Jesus also warned us about coveting:


15 And he said unto them, Take heed, and beware of covetousness: for a man’s life consisteth not in the abundance of the things which he possesseth. (Luke 12:15)


Don’t miss this, Jesus said to “beware of covetousness.” That, in itself, should be reason enough to see that coveting is harmful and sinful. But Jesus also reminds us, as Solomon did, that life is not about possessions.


Lee Atwater was an aggressive, media-savvy, Republican politician who rose to prominence in the 1980’s. I’ve read that he had two goals he wanted to achieve before the age of 40. He wanted to manage a winning Presidential campaign, which he did in 1988 when George Bush got elected. He also wanted to be the chairman of the National Republican Committee, which happened when president-elect George Bush asked him to head the party.


But then, in 1990, at a fundraiser for Senator Phil Gramm, Atwater collapsed during a speech. He was diagnosed with brain cancer; the treatment left him partially paralyzed and confined to a wheelchair. He converted to Catholicism, and started thinking a lot about what is important in life. In a February, 1991, article in Life magazine, he said:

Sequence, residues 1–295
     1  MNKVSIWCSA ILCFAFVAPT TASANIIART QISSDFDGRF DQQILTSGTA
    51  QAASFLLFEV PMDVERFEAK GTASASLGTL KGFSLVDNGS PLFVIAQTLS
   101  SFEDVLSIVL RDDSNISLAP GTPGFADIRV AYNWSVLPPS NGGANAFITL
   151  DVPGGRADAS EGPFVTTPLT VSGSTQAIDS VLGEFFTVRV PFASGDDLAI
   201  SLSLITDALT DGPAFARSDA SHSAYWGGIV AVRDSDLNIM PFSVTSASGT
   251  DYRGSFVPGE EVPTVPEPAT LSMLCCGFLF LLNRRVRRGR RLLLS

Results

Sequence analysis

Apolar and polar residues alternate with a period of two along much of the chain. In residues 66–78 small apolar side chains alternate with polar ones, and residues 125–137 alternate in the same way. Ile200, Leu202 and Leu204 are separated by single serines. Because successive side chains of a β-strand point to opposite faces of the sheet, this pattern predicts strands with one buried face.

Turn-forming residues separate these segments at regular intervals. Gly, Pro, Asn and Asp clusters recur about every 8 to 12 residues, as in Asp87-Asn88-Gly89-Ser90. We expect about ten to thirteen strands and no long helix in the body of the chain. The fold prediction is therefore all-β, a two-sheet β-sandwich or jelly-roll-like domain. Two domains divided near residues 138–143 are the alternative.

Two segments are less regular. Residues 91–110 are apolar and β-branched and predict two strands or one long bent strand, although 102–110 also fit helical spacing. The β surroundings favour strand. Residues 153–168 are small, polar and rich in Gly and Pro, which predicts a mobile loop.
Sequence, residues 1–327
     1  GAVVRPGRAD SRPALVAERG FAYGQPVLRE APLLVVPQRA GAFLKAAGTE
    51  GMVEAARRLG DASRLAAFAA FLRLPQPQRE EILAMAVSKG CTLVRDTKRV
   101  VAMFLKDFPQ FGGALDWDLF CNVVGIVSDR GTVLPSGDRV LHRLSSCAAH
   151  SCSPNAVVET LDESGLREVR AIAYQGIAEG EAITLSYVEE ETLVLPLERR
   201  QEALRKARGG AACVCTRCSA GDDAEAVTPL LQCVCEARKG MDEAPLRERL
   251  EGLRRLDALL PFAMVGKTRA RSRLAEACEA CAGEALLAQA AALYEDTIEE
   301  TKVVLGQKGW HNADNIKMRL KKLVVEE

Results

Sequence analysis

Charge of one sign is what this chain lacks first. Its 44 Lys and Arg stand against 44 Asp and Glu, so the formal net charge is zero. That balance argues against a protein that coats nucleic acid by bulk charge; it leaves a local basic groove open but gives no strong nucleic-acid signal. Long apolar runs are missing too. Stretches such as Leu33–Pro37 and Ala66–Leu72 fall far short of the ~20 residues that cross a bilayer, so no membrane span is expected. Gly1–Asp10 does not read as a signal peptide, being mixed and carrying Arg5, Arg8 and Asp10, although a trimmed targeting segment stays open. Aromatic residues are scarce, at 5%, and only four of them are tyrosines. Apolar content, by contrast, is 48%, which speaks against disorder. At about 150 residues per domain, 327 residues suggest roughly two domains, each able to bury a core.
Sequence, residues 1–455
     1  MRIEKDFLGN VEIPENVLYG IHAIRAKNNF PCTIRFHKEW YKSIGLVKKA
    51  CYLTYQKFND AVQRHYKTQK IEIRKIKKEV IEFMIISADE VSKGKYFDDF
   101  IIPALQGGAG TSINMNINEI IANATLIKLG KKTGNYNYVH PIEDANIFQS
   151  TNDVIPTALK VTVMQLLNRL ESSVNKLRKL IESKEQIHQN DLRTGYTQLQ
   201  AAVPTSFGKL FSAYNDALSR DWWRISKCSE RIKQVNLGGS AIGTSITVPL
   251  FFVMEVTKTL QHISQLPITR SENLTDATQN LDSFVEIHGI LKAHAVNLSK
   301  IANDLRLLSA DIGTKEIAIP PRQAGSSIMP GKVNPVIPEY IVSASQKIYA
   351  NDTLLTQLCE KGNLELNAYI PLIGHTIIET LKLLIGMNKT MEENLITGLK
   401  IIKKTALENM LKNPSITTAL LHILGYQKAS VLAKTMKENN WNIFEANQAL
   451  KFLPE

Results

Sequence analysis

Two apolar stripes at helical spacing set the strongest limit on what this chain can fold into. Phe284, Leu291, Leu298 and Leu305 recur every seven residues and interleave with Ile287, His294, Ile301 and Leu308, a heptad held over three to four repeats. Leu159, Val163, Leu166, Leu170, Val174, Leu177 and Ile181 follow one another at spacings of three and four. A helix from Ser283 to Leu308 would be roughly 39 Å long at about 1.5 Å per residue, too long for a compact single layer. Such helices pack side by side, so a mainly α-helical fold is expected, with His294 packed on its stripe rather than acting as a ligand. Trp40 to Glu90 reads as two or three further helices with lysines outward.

My illness helped me to see that what was missing in society is what was missing in me: a little heart, a lot of brotherhood. The ’80s were about acquiring—acquiring wealth, power, prestige. I know. I acquired more wealth, power, and prestige than most. But you can acquire all you want and still feel empty. 


What power wouldn’t I trade for a little more time with my family? What price wouldn’t I pay for an evening with friends? It took a deadly illness to put me eye to eye with that truth… (


Lee Atwater died on March 29, 1991, a month after turning forty. Coveting never brings satisfaction. 


2) Coveting Chokes Spiritual Fruitfulness


In the parable of the soils, Jesus mentions four kinds of soil that seeds could potentially fall on. Listen to what he says about the third kind: